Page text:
Haven’t Done It Before? Don’t Claim It Is Easy Then.

A wristwatch to the untrained eye is just three hands circling. Open up a watch and you will very quickly realize the complexity behind creating a useful one. Photo Credits: Adrian Clark

A couple of weeks ago during lunch, myself and a group of colleagues began brainstorming ideas for an upcoming hackathon. One of the ideas I proposed was doing a web video editor similar to the one Youtube has.

The discussion about the web video editor stumbled into a side conversation about detecting copyrighted material in the video material being uploaded for the editor.

The discussion about identifying copyrighted material lead to an individual in the group making the claim, ‘It is easy to achieve this.’

There is a lot of back & forth; I try to shed some light on the complexity of the problem because I entirely disagree with the claim that this is a trivial problem to solve.

I notice the side conversation has hijacked our original discussion, and I ditch my attempts to explain the complexities around the problem. The person summarizes their final solution before moving along, ‘Just take small clips throughout the larger clip and just compare the sound with a database of copyrighted material.’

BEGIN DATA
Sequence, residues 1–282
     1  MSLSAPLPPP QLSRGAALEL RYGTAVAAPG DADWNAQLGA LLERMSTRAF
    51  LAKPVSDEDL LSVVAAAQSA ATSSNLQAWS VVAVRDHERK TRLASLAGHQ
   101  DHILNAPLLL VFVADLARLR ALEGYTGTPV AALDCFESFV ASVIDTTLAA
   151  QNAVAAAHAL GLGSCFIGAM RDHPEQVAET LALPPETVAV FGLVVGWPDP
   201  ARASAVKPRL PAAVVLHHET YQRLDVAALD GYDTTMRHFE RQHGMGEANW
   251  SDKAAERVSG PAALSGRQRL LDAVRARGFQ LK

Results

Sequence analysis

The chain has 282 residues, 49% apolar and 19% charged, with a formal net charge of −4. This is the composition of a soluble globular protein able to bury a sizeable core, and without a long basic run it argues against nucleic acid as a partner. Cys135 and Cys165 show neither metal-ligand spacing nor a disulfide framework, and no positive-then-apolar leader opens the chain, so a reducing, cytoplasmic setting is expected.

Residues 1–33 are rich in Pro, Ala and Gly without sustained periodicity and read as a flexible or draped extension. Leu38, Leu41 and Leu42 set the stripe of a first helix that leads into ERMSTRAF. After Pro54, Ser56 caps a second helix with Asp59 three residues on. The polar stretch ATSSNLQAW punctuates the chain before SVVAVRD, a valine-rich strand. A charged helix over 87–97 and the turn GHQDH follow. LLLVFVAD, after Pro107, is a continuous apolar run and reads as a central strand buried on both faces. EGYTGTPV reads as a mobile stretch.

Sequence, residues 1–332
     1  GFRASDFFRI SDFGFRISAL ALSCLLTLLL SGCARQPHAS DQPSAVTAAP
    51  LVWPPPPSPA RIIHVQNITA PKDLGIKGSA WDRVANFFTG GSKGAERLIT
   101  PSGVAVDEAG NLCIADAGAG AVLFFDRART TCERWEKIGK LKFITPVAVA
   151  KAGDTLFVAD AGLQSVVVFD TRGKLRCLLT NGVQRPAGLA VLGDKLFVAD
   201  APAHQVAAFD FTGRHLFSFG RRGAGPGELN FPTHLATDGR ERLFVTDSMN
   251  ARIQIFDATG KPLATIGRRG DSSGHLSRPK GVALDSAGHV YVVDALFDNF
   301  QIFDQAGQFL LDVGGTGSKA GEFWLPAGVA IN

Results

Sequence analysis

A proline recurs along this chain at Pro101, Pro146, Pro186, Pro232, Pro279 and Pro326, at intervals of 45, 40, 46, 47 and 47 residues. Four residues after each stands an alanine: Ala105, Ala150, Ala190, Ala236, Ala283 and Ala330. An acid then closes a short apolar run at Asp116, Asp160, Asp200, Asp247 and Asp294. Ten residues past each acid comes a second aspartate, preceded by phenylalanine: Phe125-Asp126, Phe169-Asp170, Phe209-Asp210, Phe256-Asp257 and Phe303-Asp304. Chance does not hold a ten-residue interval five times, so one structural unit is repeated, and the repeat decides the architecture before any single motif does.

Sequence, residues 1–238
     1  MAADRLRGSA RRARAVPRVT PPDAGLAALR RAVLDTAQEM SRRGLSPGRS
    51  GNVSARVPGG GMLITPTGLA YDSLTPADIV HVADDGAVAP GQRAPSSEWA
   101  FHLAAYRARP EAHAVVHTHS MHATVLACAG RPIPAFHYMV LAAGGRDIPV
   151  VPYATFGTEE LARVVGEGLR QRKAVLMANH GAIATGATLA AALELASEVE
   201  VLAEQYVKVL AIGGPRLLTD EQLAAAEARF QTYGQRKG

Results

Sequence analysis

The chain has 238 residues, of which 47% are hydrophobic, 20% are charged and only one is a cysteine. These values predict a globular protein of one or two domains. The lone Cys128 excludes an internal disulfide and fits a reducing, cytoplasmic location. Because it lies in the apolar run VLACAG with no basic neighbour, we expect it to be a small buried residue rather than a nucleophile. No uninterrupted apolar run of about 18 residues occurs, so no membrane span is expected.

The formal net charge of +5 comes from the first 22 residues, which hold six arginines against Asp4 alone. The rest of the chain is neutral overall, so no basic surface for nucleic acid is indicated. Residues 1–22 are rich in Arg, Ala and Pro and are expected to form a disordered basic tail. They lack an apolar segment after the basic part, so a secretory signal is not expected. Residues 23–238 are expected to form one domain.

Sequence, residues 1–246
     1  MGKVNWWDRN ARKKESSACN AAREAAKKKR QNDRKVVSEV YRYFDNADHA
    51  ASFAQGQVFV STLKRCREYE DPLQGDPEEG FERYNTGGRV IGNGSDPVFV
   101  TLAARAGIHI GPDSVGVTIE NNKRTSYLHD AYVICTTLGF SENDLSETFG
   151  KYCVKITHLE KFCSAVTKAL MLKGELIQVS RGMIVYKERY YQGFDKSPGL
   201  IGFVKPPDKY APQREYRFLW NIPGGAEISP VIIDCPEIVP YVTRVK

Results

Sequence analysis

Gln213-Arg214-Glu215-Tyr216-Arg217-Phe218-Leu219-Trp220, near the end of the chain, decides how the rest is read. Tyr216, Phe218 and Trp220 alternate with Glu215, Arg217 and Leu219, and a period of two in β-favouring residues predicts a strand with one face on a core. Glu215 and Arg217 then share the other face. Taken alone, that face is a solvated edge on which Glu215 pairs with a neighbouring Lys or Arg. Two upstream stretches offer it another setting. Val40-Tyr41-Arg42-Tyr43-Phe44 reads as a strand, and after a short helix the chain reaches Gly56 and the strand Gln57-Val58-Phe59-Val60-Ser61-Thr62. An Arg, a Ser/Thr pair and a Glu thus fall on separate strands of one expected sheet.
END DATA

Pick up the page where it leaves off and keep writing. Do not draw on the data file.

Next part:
Talk Is Cheap. Doing isn’t.

I haven’t had the interest or opportunity to attempt solving the problems around detecting copyrighted content, and this is the reason at this moment I would never make a claim that it is an easy problem to solve.

Here are just a handful of issues around the proposed solution:

  • What if the video clip has no sound?
  • What do you do about sound distortion from different compressions by the user?
  • Where is this original database?
  • What if a user applies a new soundtrack but the video is copyrighted?

Detecting copyrighted content is not a trivial problem, and this is why only a handful of specialized teams have solved this well.

Don’t claim a problem is easy without having solved the problem prior.